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Lens review

Sigma 17-70 mm f/2.8-4.0 DC Macro OS HSM

10 February 2010
Robert Olech

3. Build quality and image stabilization

In the picture below we see the new Sigma 17-70 mm OS positioned between its predecessor and a kit Canon EF-S 18-55 mm lens. The differences are easy to spot. The new lens has put on weight significantly – its diameter, measured on the zoom ring, increased from 64 mm to 72 mm. It is quite understandable – the parameters must be affected somehow if you want to increase speed, add the stabilization and the HSM motor to a lens.

Sigma 17-70 mm f/2.8-4.0 DC Macro OS HSM - Build quality and image stabilization


The following chart shows a comparison between the Sigma and other lenses with similar parameters, produced by rival companies. The Sigma is the heaviest and one of the biggest instruments of all, with the largest front element. It’s not a surprise, though, because the tested device is also the fastest of all - no other competitor from this chart features optical image stabilization and the Sony/Zeiss 16-80 mm, although with a better focal range, doesn’t have an ultrasonic autofocus motor.

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Sigma 17-70 mm f/2.8-4.0 DC Macro OS HSM - Build quality and image stabilization


The Sigma 17–70 mm f/2.8–4.0 DC Macro OS HSM doesn’t belong to the highest Sigma EX series. Nevertheless, the lens is difficult to fault. It starts with a metal mount behind which, on the left, we find a stabilization switch (ON/OFF) and a focusing mode switch (AF/MF).

Sigma 17-70 mm f/2.8-4.0 DC Macro OS HSM - Build quality and image stabilization

Next, we see a comfortable, big and ribbed zoom ring. It’s well-damped and it works evenly throughout the range. Moving from 17 to 70 mm makes the lens parameters (mount included) increase from 94 mm to 134 mm. Such an effect is connected with the telescopic tube (unfortunately made of plastic) on which the front element is extended. Everything works properly here though, we haven’t noticed any zoom creep tendencies. To be absolutely sure we still can use a LOCK switch which allows us to block the lens in a folded position at 17 mm.

Further on, we meet a quite big and convenient manual focus ring. There is a distance scale in feet and meters on it. You can work comfortably with it, one thing that we would complain about, though, is a bit too small resistance. You must get used to it – if you want to change the focus just slightly you must be very delicate indeed. Running through the scale takes approximately a 80-degree turn. The lens ends with a non-rotating filter thread with a diameter of 72 mm. As we mentioned filters here perhaps it would be a good thing if the company made a similar promotion as in the case of this lens’s predecessor, adding a good quality UV filter to the device free of charge.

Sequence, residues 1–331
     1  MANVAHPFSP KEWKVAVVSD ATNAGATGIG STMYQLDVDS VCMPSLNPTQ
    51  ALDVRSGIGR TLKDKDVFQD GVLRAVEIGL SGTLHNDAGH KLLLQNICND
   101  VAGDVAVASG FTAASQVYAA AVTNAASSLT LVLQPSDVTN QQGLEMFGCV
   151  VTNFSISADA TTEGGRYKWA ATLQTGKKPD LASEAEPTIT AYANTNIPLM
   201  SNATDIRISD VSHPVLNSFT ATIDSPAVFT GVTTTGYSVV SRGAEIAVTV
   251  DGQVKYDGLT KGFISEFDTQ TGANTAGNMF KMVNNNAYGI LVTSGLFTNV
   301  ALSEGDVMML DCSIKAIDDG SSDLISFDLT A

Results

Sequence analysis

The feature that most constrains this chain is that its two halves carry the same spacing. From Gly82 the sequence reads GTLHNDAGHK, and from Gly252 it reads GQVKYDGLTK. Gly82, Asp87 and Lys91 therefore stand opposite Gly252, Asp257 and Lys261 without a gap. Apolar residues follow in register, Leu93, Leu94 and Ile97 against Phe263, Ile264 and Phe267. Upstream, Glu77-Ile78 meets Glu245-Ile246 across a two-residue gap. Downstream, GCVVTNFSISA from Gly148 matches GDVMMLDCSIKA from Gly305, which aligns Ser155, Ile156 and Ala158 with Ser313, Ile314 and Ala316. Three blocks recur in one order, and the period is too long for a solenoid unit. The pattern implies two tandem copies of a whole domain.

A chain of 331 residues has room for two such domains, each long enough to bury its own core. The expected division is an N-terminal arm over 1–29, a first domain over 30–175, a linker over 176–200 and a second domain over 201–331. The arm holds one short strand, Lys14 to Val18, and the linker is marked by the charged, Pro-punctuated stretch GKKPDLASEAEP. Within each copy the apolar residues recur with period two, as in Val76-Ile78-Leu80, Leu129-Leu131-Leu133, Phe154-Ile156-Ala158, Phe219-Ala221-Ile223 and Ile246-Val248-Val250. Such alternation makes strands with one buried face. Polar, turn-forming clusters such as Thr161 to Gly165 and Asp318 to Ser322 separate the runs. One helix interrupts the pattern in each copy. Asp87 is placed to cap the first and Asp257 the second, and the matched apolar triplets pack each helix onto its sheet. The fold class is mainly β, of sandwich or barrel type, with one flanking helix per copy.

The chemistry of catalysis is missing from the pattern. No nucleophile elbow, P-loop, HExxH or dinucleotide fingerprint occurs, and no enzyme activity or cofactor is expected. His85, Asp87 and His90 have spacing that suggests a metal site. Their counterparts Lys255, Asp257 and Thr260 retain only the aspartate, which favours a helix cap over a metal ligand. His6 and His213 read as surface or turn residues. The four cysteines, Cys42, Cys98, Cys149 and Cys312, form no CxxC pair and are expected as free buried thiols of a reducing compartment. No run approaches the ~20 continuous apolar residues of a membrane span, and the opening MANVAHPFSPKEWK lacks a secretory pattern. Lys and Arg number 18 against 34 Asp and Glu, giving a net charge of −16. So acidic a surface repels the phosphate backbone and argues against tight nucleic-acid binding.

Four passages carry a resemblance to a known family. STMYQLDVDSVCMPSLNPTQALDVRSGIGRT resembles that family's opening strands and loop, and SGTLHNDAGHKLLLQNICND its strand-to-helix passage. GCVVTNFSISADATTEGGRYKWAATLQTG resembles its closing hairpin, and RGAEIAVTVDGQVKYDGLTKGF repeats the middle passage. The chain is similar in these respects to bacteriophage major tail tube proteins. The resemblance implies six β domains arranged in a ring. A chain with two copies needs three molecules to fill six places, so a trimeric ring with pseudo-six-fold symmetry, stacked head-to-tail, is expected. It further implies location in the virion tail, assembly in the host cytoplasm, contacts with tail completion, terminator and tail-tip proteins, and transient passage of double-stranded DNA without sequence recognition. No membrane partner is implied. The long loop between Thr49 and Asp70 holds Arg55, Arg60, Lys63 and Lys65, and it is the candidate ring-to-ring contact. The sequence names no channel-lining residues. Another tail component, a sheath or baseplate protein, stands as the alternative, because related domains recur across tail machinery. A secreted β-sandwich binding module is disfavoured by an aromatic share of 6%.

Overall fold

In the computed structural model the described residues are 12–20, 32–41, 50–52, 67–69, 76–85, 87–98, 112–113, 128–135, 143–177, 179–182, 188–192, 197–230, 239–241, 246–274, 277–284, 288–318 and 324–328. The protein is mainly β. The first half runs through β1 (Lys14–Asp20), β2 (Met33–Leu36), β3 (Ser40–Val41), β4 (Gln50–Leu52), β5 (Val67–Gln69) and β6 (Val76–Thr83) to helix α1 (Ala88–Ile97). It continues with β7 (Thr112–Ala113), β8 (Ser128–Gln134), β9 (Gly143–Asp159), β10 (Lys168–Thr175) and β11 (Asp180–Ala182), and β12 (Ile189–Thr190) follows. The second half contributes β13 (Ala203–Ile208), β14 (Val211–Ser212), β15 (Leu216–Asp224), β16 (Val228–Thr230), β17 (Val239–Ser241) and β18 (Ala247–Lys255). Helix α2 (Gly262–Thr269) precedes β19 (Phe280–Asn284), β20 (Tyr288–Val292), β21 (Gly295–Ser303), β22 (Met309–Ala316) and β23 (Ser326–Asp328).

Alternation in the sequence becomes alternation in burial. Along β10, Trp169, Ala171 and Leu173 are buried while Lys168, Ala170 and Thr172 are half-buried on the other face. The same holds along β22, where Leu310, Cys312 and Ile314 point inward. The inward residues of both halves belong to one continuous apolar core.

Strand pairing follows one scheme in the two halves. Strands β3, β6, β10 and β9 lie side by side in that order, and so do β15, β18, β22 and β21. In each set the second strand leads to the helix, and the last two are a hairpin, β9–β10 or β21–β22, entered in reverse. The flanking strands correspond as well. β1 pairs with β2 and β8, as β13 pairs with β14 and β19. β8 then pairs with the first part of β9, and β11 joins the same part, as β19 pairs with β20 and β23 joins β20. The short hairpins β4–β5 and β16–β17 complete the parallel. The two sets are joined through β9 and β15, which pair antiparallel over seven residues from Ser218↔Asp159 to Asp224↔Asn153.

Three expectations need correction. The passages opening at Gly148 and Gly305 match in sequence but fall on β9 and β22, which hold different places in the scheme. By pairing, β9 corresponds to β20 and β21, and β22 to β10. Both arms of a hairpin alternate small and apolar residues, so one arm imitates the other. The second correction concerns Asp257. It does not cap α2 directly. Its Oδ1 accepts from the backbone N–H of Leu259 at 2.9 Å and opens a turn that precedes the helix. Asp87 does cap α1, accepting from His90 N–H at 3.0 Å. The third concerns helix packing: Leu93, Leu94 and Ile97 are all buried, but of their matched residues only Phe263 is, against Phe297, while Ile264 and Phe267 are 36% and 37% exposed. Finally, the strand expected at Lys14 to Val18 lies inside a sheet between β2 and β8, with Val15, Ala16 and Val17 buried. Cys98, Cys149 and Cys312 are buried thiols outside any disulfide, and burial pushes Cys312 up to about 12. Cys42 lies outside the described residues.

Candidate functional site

Sigma 17-70 mm f/2.8-4.0 DC Macro OS HSM - Build quality and image stabilization

The Sigma 17–70 mm f/2.8–4.0 DC Macro OS HSM is an optically complex instrument. It consists of as many as 17 elements in 13 groups. One element is made of low-dispersion ELD (Extraordinary Low Dispersion) glass and three other elements are aspherical (one hybrid element, two made using the “glass mold” technology). It is significantly better than in the case of its predecessor which had just one SLD (Special Low Dispersion) element and two ordinary aspherical ones. Inside the lens we can also find an aperture with seven diaphragm blades which can be closed down at 17 mm to f/22 and at 70 mm – to f/32.

If you want to compare both models, the old and the new, it’s worth noticing the change of speed at the longer end. The following chart shows the results at individual focal lengths.

17 mm
24 mm
28 mm
35 mm
43 mm
50 mm
60 mm
70 mm
Sigma 17–70 mm f/2.8–4.5 DC Macro
f/2.8
f/3.2
f/3.5
f/4.0
f/4.0
f/4.0
f/4.5
f/4.5
Sigma 17–70 mm f/2.8–4.0 DC Macro OS HSM
f/2.8
f/3.2
f/3.5
f/3.5
f/3.5
f/4.0
f/4.0
f/4.0

The buyer gets both caps and a petal-type lens hood included in box.

Sigma 17-70 mm f/2.8-4.0 DC Macro OS HSM - Build quality and image stabilization


Stabilization

The producer claims that the optical stabilization system (OS), used in the Sigma 17-70 mm OS, works with the efficiency reaching 4 EV. We decided to check it. We set the focal length at 70 mm and, for every exposition time available in the range from 1/100 to 1/4 second, we took several dozen photos with the stabilization on and off. Then we calculated the percentage of blurred photos for every exposition time. The appropriate graph, presenting such a proportion which depends on the exposition time expressed in EV ( 0 EV is the equivalent of 1/80 second), can be seen below.

Sigma 17-70 mm f/2.8-4.0 DC Macro OS HSM - Build quality and image stabilization


As you can notice the situation is good although we don’t see those promised 4 EV. Momentarily the stabilization is a bit above 3 EV and such a performance is really good – definitely better than in the case of other stabilized Sigma lenses, which usually showed a result of about 2 EV.